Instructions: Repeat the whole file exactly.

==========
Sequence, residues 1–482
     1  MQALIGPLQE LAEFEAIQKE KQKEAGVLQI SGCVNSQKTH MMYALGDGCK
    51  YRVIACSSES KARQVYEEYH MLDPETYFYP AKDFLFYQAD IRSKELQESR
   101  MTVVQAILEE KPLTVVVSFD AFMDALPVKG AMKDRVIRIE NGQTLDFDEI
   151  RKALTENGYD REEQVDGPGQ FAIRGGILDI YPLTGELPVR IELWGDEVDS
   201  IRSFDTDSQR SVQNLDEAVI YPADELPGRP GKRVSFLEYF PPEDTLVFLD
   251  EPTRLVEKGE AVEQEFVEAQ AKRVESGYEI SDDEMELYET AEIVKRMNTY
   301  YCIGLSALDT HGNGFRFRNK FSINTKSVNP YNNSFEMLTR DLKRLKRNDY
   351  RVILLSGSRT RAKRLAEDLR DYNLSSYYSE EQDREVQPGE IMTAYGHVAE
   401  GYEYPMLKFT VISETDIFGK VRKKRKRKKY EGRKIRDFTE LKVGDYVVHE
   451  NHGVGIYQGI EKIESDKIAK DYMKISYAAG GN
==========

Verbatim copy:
Sequence, residues 1–482
     1  MQALIGPLQE LAEFEAIQKE KQKEAGVLQI SGCVNSQKTH MMYALGDGCK
    51  YRVIACSSES KARQVYEEYH MLDPETYFYP AKDFLFYQAD IRSKELQESR
   101  MTVVQAILEE KPLTVVVSFD AFMDALPVKG AMKDRVIRIE NGQTLDFDEI
   151  RKALTENGYD REEQVDGPGQ FAIRGGILDI YPLTGELPVR IELWGDEVDS
   201  IRSFDTDSQR SVQNLDEAVI YPADELPGRP GKRVSFLEYF PPEDTLVFLD
   251  EPTRLVEKGE AVEQEFVEAQ AKRVESGYEI SDDEMELYET AEIVKRMNTY
   301  YCIGLSALDT HGNGFRFRNK FSINTKSVNP YNNSFEMLTR DLKRLKRNDY
   351  RVILLSGSRT RAKRLAEDLR DYNLSSYYSE EQDREVQPGE IMTAYGHVAE
   401  GYEYPMLKFT VISETDIFGK VRKKRKRKKY EGRKIRDFTE LKVGDYVVHE
   451  NHGVGIYQGI EKIESDKIAK DYMKISYAAG GN